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RV3bpilot RV3bpilot is offline
 
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Location: New Ulm, Minnesota
Posts: 261
Default RV3

The RV3 is small inside, 24" wide. I'm 5' 10" and fit fine but I can not stretch out my legs all the way. Also going on long trips cross country you need to have your maps folded so that you don't have try to unpack and repack a map in flight, I did do this on my last flight to Colorado but I had to flip one of the maps which meant that it had to be completely unfolded and refolded. I had to hold the control stick between my knees and keep peeking outside to make sure I was not diving to the ground! Also the whole time I was refolding the map I could not see the dash... It was fun however, I enjoyed the struggle..
The RV3 is very maneuverable and fun to fly but learning to land can be quite the experience until you get the hang of it. All the aircraft I have flown prior to this had long wings 35' or so when I came in for my first landing with the RV3 I was shocked by how much form drag the short wings have at slow speeds and the steep angle of glide.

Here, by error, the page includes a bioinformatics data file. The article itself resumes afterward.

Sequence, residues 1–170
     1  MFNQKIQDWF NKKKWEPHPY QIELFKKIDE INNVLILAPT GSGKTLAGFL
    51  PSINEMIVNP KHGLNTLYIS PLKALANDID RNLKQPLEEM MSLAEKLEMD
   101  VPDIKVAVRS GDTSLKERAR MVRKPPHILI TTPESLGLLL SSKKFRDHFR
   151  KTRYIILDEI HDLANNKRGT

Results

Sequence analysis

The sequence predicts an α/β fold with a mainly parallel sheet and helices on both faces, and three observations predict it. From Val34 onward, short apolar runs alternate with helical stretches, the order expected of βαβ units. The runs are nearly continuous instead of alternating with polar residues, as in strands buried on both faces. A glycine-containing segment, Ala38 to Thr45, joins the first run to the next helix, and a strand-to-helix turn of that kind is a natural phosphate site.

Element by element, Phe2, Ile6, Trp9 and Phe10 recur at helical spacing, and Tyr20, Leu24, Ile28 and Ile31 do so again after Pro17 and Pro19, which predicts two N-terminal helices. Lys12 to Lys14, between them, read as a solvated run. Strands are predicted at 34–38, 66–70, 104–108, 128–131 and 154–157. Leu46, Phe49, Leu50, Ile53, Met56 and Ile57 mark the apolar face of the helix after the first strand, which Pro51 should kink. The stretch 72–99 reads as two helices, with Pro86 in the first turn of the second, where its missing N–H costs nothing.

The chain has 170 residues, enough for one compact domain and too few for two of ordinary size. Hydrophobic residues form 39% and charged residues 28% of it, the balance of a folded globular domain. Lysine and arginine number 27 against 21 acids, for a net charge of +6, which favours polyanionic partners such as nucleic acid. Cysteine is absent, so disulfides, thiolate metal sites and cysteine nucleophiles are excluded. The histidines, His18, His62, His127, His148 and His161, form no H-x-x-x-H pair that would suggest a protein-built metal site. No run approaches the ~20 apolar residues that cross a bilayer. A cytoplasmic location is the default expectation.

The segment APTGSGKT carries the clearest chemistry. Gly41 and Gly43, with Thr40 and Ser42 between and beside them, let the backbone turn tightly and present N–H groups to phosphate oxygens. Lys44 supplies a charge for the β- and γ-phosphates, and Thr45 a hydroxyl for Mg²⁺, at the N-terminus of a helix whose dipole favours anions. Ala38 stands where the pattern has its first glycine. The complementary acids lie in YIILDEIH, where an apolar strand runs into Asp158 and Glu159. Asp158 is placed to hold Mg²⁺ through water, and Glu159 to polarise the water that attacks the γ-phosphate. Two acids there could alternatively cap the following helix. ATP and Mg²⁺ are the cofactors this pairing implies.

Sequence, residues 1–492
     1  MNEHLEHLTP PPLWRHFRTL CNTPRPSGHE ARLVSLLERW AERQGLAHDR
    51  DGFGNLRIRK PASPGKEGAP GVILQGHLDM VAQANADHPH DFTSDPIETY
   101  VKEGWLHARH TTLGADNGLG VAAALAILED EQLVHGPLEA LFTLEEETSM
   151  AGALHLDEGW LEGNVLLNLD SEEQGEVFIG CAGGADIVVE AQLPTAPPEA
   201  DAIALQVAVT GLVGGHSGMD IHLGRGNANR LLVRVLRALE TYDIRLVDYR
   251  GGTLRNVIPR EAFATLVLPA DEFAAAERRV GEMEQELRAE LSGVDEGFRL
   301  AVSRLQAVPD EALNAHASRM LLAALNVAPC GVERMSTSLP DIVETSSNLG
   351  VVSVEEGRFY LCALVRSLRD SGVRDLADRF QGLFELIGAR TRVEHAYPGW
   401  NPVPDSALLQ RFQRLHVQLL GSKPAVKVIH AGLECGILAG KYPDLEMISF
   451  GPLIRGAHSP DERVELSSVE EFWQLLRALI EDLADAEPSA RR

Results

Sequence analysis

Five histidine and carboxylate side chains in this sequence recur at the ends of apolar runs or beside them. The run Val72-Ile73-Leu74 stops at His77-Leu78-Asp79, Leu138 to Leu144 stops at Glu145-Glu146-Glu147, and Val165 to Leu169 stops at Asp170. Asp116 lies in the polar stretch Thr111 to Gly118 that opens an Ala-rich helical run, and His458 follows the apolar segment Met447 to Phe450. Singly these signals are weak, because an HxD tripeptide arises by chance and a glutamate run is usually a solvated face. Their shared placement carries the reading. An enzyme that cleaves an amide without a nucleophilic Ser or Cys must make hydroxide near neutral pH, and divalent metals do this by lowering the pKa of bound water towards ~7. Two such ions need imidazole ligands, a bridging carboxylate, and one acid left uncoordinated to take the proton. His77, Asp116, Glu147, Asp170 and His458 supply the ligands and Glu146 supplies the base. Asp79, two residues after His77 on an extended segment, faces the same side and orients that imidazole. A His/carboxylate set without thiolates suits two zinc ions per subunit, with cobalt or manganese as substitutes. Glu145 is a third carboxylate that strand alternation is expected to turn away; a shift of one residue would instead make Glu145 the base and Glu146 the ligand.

It does glide though, twice I had to glide back to the ground without engine power, "Experimental Engine". I worked the bugs out of my engine and have been boring holes in the sky, but I have to say a Lycoming engine would have been much better and easier to put in.
I have never flown the other aircraft you mentioned so I can not compare anything to it.
I'll have to agree with the others that I doubt you will find a RV3 for less than 20k.. I spent 35k just to get mine in the air and I don't have anything fancy in the dash, just steam gauges.